Venous Thromboembolism in Patients with Diabetes Mellitus
American Journal of Medicine, 06/22/2012
Piazza G et al. – Patients with diabetes who developed venous thromboembolism were more likely to suffer a complicated clinical course. Diabetes was an independent predictor of recurrent deep vein thrombosis. The authors observed a low rate of thromboprophylaxis in diabetic patients.Methods
- The authors studied diabetic patients in the population–based Worcester Venous Thromboembolism Study of 2488 consecutive patients with validated venous thromboembolism.
- Of 2488 venous thromboembolism patients, 476 (19.1%) had a clinical history of diabetes.
- Thromboprophylaxis was omitted in more than one third of diabetic patients who had been hospitalized for non–venous–thromboembolism–related illness or had undergone major surgery within 3 months before diagnosis.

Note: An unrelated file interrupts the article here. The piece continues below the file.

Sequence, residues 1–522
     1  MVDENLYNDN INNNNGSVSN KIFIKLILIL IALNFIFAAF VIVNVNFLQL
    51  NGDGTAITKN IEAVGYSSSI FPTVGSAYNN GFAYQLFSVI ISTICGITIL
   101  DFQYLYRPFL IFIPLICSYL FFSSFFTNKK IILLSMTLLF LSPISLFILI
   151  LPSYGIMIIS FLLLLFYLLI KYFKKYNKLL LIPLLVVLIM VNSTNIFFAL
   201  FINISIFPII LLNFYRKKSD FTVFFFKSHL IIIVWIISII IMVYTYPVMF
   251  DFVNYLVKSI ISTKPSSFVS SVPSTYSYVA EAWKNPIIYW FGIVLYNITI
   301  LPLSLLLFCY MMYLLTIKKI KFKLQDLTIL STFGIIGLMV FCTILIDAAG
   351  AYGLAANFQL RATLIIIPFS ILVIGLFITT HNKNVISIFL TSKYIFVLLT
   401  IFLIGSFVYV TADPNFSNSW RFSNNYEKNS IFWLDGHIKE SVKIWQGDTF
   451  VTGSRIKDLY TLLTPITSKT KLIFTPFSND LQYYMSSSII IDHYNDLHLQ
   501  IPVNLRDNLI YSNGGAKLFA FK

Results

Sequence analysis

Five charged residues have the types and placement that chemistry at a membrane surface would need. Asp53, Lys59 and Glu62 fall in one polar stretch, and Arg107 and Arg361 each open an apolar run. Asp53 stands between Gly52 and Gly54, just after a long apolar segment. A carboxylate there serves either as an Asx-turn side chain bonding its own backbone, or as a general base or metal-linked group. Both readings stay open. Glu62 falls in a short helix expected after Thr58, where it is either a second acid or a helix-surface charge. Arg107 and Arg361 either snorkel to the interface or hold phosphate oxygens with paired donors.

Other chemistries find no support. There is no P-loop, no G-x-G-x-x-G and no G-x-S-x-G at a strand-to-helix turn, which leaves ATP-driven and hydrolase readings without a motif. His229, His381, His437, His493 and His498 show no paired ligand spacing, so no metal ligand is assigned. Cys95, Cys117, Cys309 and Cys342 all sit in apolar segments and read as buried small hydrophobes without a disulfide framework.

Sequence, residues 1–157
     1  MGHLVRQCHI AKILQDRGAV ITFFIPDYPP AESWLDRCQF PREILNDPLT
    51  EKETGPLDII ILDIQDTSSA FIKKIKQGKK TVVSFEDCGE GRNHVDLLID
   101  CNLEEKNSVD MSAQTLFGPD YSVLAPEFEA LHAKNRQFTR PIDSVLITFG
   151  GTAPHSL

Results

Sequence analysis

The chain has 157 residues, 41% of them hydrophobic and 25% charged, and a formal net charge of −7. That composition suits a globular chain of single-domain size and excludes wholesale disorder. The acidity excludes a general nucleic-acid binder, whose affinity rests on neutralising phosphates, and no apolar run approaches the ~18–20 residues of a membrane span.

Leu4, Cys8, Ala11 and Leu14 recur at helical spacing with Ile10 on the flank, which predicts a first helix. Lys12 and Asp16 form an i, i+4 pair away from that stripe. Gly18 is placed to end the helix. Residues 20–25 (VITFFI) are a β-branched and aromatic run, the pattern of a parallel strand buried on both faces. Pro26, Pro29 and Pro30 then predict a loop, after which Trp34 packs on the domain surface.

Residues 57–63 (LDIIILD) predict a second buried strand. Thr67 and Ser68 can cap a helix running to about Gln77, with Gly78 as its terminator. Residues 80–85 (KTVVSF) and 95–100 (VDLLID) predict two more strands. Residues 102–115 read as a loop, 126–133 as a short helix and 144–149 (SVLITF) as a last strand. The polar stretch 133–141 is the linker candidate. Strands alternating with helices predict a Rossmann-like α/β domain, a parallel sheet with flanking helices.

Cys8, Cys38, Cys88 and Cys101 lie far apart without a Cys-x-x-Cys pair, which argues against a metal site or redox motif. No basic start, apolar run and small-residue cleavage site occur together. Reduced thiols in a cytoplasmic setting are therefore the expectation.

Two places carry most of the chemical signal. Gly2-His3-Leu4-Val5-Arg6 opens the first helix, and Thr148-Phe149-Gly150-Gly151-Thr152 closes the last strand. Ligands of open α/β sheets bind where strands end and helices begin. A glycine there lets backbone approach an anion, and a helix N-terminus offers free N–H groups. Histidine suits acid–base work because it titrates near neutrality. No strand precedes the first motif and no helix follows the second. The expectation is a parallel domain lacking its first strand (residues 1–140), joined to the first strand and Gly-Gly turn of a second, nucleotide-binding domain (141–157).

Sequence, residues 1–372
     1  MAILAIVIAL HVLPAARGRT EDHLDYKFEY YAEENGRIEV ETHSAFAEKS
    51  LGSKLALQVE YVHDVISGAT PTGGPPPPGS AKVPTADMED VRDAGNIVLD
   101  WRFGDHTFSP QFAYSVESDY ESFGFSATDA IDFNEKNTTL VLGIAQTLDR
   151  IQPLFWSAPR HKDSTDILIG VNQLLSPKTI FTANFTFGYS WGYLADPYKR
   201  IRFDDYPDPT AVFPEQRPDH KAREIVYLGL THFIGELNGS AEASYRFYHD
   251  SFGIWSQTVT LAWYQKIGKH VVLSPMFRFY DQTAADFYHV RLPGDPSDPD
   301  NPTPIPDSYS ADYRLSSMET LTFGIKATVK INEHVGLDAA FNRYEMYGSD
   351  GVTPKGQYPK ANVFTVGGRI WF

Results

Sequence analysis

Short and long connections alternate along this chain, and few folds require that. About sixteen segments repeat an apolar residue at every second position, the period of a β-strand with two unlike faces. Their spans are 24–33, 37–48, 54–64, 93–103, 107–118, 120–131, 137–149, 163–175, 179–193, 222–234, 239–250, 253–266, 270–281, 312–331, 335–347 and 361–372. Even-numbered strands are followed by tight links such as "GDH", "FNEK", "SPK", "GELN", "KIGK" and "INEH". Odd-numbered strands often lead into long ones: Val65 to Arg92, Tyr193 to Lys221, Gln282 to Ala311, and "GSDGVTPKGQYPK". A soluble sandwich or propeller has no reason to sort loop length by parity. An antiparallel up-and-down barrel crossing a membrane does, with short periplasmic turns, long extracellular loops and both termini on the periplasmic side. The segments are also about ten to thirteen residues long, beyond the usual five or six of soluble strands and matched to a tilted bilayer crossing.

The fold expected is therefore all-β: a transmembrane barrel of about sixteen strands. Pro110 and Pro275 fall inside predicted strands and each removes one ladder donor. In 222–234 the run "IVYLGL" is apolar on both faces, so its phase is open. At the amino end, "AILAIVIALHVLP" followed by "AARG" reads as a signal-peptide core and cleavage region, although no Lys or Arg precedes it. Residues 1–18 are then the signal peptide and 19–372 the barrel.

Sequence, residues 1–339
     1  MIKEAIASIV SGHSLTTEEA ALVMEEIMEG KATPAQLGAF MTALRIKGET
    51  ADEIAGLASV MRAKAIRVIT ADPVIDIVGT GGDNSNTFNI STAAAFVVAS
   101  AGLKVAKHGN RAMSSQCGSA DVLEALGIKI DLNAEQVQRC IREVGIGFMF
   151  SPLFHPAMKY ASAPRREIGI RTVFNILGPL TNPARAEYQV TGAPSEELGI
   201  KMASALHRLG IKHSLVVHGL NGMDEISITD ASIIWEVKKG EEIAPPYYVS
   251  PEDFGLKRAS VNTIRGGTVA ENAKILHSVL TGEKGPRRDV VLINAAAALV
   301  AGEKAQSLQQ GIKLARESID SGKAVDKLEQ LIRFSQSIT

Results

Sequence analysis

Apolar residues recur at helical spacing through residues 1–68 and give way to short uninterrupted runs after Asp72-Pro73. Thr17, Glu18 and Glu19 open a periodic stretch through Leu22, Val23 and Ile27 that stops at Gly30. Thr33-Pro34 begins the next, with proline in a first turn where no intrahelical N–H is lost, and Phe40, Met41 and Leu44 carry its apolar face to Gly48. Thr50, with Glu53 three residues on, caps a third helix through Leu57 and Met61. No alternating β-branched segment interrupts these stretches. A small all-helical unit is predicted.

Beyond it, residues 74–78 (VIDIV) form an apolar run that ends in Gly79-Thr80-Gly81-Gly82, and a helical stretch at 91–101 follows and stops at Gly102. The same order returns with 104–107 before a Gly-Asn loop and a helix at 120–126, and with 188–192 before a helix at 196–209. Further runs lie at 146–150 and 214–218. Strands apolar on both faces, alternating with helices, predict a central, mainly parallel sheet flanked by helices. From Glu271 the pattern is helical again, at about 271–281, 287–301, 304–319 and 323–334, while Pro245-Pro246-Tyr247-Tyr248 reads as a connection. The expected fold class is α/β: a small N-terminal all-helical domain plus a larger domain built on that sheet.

- Patients with diabetes were more likely than nondiabetic patients to have a complicated course after venous thromboembolism.
- Patients with diabetes were more likely than patients without diabetes to suffer recurrent deep vein thrombosis (14.9% vs 10.7%) and long–term major bleeding complications (16.4% vs 11.7%) (all P=.01).
- Diabetes was associated with a significant increase in the risk of recurrent deep vein thrombosis (adjusted odds ratio [AOR] 1.74; 95% confidence interval [CI], 1.21–2.51).
- Aspirin therapy at discharge (AOR 1.59; 95% CI, 1.1–2.3) and chronic kidney disease (AOR 2.19; 95% CI, 1.44–3.35) were independent predictors of long–term major bleeding.